July 19, 2012

This article appeared in the July 19, 2012, premier issue.

I have a memory of watching a TV screen in my parents’ bedroom with eight men in shorts squatting side by side on a track full of intersecting white lines. This was in our house in the La Cañada section of Guatemala City.

Guatemala was in the middle of the period historians somewhat unimaginatively call the Violence. A simmering civil war is what it was. I bring it up only to illustrate why when the starter’s gun fired, I identified the sound easily. The men took off, running faster than anybody I had ever seen before. Wow, I thought, look at what they can do!

“What is this?” I asked my dad.

“The Olympics,” he said, and tried to explain how, every four years, countries all over the world sent their best athletes to the same city in order to have them compete against one another. In my mind, I imagined hundreds of athletes jammed into a stadium, running races in a crowd with the losers winnowed out, death-match style, until only one was left standing. Mind blowing stuff to at least one young child.

I can’t really tell you with any certainty which Olympic Games that was. Most likely Munich—part of me wants to believe it was Mexico City, but that means I would’ve been 3 years old. I have other early Olympic memories, most having to do with being irritated that the games weren’t on when I expected them to be, and with adults watching the TV set tensely—likely, I now realize, following the terrorist attack on the Israeli compound.

No other sporting event on the planet compares to the Olympics in terms of inducing wonderment at the physical feats that humans are capable of.

Yes, the games are bloated, with too many ludicrous events and too many corporate sponsors; the athletes have been too frequently bloated with steroids; the television coverage is nearly always laughable in its nationalist bombast, and, yes, the IOC is rife with corruption and led by sputtering villains, but still… Boy, can those athletes can run and jump and swim and throw and put topspin on a Ping-Pong ball!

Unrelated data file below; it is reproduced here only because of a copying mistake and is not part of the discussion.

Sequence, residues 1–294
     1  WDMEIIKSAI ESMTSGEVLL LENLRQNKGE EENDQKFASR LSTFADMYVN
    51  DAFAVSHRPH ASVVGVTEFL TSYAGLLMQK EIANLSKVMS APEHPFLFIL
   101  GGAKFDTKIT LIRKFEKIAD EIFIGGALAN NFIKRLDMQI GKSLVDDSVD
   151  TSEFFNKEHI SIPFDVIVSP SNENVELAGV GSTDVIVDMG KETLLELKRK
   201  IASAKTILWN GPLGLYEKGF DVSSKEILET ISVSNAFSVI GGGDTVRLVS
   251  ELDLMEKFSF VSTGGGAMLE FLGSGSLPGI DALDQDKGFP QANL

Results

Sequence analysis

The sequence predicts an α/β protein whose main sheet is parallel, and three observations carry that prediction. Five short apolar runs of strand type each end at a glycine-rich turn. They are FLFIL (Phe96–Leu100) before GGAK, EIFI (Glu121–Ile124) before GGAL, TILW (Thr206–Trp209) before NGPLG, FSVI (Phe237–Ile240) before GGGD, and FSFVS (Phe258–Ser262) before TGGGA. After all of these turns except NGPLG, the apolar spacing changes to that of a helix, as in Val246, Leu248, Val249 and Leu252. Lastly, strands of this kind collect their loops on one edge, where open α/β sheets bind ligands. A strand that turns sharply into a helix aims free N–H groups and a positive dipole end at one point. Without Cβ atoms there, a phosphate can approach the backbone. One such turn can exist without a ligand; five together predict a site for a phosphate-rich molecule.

And here’s another thing that the Olympics do extremely well: They tell stories. Many are versions of the typical athletic tale of perseverance, of overcoming the odds, of finding the will to excel—the kind of thing that Will Ferrell has built a career out of parodying.

But sometimes the games tell richer stories, at once more personal and more political. Stories like that of the American freestyle wrestler Henry Cejudo, the child of undocumented Mexicans who grew up being shuttled between California, New Mexico, and Arizona, and who became the embodiment of the illegal immigrants’ “anchor child” in the right-wing media and blogs after making the US wrestling squad in 2008.

Cejudo’s mother couldn’t go to Beijing to watch him compete for a gold medal because she couldn’t get a passport. After winning, he draped himself in the American flag—and it’s just as easy to read that as an expression of righteous indignation and defiance as of national pride. Probably it was a bit of both.

More than just about any other people on the planet, Latinos know all too well that identity is about a hell of a lot more than which country issues your passport. Take, for example, Javier Culson Pérez of Puerto Rico. Culson just happens to be one of the two best 400m hurdlers in the world (the other being Dai Greene of the UK). Right now, you can find chat rooms in which people are wondering why Culson doesn’t join Team USA. After all, the opportunities for endorsement riches are much bigger for members of the mainland squad, and plenty of other successful Boricua athletes have done it—tennis player Gigi Fernández, for one—so there wouldn’t be much stigma attached to switching over.

The fact is that Culson chooses to compete for Puerto Rico because his identity is rooted en la isla del encanto. Considerations like that that can be difficult for the común y corriente gringo to understand.